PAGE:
It became known for its exuberance, excess and glamour, but the Chelsea Arts Ball had a modest beginning in 1908 as an annual fundraiser for the newly founded Arts Club. By the time it moved to the Royal Albert Hall in 1910, its place in the London social calendar was set – and London’s art school students led the way.
Held on New Year’s Eve, the Ball was given a new theme each year. Elaborately dressed art students represented their schools with extravagantly decorated floats that were driven directly into the Albert Hall, only to be destroyed by the revelers at the stroke of midnight. A short clip from Pathé’s archive, showing the 1954 ball in full swing, sets the scene.
It’s hard to spot Slade students in the Pathé archive, but a generation earlier someone was savvy enough to take this photograph outside the Slade, as a group of students test run their gallant personas in preparation for the 1926 Ball. The label on the back of the photo doesn’t explain what theme is being enacted here (though we might hazard a guess), but it does identify one notable figure in the group: William Coldstream, who can be spotted by his fashionable symmetrical fringe (centre of photograph, left of horseman).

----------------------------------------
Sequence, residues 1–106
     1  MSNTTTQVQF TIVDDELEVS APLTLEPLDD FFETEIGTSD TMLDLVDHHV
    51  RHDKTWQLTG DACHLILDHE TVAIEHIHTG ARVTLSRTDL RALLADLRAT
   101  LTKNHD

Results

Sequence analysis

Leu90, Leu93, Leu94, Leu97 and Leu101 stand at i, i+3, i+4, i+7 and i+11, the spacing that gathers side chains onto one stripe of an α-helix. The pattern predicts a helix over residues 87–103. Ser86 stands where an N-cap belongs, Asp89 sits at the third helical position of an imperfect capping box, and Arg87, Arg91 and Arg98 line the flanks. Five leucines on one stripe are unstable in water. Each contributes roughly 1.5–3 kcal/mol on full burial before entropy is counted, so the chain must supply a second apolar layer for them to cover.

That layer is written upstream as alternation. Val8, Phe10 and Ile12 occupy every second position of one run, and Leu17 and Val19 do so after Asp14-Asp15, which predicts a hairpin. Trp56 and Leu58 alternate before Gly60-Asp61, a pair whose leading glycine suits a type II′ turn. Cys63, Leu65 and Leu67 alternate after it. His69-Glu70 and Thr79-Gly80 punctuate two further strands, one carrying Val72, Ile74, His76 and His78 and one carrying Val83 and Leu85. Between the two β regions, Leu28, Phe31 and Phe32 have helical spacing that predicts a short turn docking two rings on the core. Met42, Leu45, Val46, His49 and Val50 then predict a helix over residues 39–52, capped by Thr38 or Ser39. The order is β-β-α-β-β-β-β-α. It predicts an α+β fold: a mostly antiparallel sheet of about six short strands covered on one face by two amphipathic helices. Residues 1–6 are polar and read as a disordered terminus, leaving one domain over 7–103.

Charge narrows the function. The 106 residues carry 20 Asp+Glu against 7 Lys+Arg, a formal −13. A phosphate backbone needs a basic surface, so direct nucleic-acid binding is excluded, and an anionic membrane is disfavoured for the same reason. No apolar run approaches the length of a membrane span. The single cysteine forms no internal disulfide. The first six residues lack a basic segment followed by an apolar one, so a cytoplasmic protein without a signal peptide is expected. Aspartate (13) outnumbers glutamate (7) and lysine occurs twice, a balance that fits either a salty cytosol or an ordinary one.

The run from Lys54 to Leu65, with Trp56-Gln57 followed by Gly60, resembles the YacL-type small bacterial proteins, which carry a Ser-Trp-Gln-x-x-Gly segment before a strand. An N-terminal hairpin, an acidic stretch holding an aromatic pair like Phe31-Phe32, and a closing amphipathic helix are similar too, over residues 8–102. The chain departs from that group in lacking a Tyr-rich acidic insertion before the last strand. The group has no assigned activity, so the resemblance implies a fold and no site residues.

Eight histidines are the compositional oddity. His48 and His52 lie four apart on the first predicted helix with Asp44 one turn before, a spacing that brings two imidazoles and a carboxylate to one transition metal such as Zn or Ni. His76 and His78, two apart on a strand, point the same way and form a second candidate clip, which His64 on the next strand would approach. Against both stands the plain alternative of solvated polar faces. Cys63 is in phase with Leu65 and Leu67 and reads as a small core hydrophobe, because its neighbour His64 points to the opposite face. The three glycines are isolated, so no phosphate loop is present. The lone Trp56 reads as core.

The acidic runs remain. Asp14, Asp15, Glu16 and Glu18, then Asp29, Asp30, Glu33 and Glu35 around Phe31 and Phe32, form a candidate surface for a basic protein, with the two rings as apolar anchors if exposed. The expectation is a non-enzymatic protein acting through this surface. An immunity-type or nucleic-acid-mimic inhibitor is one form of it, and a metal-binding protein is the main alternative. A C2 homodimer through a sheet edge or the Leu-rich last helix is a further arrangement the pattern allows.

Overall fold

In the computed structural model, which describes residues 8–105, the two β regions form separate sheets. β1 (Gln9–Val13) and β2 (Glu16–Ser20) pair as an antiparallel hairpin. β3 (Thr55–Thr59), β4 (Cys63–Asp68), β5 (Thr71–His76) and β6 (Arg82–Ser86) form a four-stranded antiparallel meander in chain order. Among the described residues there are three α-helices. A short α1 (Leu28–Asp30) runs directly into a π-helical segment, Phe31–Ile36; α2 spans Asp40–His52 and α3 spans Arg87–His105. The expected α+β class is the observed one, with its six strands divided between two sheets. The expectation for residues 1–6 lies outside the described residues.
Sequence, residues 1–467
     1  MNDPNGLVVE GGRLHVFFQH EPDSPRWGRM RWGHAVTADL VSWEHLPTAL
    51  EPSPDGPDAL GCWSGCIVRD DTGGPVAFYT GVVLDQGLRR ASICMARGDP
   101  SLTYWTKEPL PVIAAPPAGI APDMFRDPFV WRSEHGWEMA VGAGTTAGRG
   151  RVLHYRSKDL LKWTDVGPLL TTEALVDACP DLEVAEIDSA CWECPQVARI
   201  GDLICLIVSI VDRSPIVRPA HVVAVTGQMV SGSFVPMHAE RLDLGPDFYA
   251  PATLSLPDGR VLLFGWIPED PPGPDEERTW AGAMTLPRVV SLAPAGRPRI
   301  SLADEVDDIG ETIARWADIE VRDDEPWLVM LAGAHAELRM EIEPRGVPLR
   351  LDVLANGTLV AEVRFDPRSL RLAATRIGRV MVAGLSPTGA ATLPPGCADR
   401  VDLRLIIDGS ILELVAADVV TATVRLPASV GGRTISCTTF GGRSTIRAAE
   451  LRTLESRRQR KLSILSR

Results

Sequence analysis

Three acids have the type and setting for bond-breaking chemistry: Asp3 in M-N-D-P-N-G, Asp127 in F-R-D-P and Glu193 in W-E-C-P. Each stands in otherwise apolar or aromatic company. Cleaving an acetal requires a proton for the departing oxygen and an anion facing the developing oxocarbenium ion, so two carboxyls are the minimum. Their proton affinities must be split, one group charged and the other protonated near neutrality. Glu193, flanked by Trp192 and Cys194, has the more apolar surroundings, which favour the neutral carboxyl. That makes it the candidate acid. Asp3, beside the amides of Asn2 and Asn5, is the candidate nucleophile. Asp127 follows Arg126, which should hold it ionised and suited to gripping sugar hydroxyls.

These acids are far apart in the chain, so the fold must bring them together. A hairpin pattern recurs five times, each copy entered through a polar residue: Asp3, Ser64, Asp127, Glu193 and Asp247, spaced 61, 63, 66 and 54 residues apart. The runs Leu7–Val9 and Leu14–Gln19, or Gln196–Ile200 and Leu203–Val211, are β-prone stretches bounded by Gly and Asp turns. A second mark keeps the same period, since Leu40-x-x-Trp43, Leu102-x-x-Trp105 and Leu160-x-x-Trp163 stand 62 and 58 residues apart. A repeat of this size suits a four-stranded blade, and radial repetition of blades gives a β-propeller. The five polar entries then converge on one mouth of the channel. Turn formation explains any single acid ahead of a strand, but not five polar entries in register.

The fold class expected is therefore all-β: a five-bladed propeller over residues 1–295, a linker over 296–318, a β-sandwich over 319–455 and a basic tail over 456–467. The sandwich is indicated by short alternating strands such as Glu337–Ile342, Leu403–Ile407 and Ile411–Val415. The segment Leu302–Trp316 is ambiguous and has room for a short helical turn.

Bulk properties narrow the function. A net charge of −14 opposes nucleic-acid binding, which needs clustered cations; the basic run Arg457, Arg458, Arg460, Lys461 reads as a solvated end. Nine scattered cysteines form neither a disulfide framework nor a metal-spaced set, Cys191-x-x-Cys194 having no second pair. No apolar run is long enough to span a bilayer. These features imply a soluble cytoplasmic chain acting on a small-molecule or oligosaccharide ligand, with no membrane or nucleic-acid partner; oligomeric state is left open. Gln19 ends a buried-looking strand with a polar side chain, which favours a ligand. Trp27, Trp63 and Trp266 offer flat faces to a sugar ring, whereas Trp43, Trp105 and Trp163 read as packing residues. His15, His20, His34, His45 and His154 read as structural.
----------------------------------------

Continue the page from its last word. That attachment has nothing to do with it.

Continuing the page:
Coldstream was a first-year student at the time of the 1926 ball. He would go on to marry (and later divorce) fellow student Nancy Sharp and, in 1937, co-found the influential Euston Road School with fellow Slade alumni Claude Rogers and Graham Bell. After service in the War, he worked briefly for the GPO Film Unit and taught at Camberwell College of Arts and Crafts before being appointed Slade Professor in 1949, a post he would hold until his retirement in 1975.